A Week in... Mazagan, Morocco
Some courses are lucky enough to fit seamlessly into their surrounds, some look uncomfortably out of place. The Mazagan Beach & Golf Resort, 90 kilometres south of Casablanca, falls easily into the first category, all the more impressive given that it only opened in October 2009.
This is a fantastic place to play golf, the 1st tee sits less than a 10-minute walk from your poolside lounger and once you have experienced the Gary Player design your first thought will be when you can… wait for it… cue lazy Casablanca pun… play it again.
Which, as I found out, is one of the most widely misquoted lines in cinematic history. The actual line, said by Ingrid Bergman, is ‘Play it, Sam’ when requesting a few bars of Herman Hupfeld’s As Time Goes By. But I digress, back to the golf course.
Any new resort will rightly come under the microscope of the environmentalists and Mazagan ticks the right boxes. The dunes and valleys which the course follows have been created from the sand found on site, the type of grass used has been chosen for its friendly growing habit of requiring less water, fertilizer and pesticides and 80 per cent of the irrigation water used for the course is recycled from the hotel effluence.
The results of which are all stunning and, being managed by the highly regarded Troon Golf, the course is immaculate. Everything is just so here, small brick turrets with layouts of each hole direct you easily around the course and the distance fairway markers offer you both metre and yardage options so there are no excuses.
And, while you might read that this is the longest course in Morocco, there are plenty of options from the tee and the fairways are more than generous. Should you stray from the short stuff there is a good chance that you will find your ball in the grasp of some ice plant.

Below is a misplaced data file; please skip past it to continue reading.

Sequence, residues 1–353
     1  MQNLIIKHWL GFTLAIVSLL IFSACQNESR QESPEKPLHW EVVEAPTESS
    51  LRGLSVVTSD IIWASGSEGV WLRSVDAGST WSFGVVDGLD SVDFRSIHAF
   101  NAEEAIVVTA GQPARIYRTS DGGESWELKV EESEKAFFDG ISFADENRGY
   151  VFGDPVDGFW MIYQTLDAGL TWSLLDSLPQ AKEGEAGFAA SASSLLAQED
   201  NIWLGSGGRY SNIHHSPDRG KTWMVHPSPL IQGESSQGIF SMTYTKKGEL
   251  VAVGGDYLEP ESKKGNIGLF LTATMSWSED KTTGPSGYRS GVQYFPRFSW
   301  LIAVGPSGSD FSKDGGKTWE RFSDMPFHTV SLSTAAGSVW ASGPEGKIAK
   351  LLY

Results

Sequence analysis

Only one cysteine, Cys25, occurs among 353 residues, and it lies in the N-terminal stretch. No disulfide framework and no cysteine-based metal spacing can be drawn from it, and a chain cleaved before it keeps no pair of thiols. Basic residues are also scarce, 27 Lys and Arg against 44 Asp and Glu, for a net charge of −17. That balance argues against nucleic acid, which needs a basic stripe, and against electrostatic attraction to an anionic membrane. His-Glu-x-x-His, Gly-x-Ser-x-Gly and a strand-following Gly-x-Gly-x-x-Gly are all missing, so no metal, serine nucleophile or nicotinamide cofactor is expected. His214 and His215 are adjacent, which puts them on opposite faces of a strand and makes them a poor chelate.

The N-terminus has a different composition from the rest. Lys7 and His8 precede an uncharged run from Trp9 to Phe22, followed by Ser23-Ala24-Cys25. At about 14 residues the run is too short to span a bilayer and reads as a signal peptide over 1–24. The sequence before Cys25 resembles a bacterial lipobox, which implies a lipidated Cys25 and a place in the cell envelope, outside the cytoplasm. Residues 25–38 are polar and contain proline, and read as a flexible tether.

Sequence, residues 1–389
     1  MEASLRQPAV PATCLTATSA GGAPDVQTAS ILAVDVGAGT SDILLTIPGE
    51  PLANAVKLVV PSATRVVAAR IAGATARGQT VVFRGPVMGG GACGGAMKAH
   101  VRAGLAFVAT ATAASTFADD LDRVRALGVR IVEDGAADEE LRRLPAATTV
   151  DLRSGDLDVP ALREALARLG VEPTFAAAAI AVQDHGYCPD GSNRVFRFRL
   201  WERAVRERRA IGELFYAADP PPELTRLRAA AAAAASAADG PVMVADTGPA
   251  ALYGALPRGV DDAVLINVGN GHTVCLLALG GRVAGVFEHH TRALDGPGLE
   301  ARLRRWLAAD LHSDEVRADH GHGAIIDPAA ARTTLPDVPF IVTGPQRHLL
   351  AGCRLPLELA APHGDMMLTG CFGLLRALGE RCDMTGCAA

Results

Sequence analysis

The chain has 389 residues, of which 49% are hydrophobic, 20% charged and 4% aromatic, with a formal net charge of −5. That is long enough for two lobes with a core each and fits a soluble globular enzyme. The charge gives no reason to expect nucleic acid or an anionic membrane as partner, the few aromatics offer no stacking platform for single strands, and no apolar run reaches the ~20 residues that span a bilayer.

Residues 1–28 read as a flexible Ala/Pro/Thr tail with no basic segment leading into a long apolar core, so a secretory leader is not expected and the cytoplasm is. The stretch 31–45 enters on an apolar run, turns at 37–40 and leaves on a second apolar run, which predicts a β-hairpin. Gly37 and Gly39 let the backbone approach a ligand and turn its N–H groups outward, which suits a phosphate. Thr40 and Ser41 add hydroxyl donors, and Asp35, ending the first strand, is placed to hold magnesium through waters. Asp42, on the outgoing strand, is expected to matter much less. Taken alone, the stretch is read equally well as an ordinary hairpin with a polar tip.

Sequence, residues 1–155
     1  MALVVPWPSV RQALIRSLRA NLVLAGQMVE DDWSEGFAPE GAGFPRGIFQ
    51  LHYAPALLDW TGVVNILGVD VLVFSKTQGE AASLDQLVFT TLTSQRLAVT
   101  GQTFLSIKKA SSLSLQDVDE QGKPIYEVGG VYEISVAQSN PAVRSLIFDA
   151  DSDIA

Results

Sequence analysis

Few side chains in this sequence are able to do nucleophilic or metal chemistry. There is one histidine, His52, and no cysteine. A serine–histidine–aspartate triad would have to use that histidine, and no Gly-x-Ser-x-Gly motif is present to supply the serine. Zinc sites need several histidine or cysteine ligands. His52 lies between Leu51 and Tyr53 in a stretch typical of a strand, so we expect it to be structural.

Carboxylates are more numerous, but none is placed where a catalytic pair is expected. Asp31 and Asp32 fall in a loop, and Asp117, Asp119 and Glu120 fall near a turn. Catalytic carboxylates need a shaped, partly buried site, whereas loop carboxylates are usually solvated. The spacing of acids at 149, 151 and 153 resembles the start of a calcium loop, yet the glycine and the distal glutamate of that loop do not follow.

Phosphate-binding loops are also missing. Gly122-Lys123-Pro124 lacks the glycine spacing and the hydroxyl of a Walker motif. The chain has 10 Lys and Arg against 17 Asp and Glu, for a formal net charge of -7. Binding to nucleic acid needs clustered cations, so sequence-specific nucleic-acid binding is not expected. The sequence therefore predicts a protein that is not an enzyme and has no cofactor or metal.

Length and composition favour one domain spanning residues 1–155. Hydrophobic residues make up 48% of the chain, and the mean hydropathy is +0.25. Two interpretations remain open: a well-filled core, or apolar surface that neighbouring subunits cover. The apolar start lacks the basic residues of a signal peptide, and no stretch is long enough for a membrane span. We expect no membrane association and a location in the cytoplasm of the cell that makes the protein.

It will look simple enough to get club on ball and advance it 100 yards, the likelihood is that your ball will travel less than 10. By the 5th green you will get your first sight of the Atlantic Ocean and, by the 8th tee, you will have worked your way out to the coastline where four stunning holes reside within a few yards of the ocean’s breakers and small groups of holidaymakers will likely be enjoying an idyllic horse ride.
What you see is what you get here and the various elevated tees, the 11th is the pick of the bunch, offer plenty of breathtaking views of both the hole that is about to be tackled and the further surrounds. But, if you were to single out a ‘get your camera out hole’ it would be the short 15th (below, taken with my camera) which takes you back to the ocean.
In character with the rest of the course the green is vast and sloping which means you will likely spend more time than you wish trying to get your ball in the hole.
But, try as we might, we can’t just play golf all day and there is plenty else to like about the resort, right from the moment you turn into the tree-lined driveway before entering the grand lobby. Incidentally, each to their own and all that, but you might think that a week might be a long time to stay at one resort but there wasn’t time to indulge in half the activities on site.
If you are of the more active mindset then there is plenty to keep you occupied, be it quad biking on the beach, jet skiing, a fitness gym with views out to the ocean or even karting inside Formula 1-standard crash barriers. On a more gentle tip there is tennis, biking, archery or even Nordic walking while those less inclined to move too far (me) will enjoy the table tennis by the pool.
Should you not want to move whatsoever there is always the exquisite spa with 19 treatment rooms, again with ocean views, as well as a steam room, authentic Moroccan hammam made from marble and an outdoor relaxation area. Each treatment begins with a private consultation and likely ends in a sleepy state of quiet contentment.
Before you then end the day by eating too well and too much which is very easy to do here. Some resorts all too easily make a mess of trying to offer a variety of cuisines, wherever you eat here it is a different experience and, in the summer months, you have a further choice of dining on the beach.
Sel de Mer, as the name and cool blue decor suggests, is a brilliant option to enjoy the local seafood while the adjacent La Cave offers a similarly comfortable experience though with a French menu.
I always assume that the continental Europeans are cannier in choosing their holiday destinations and there is a nice mix here. One of a long list of ticks in the Mazagan box.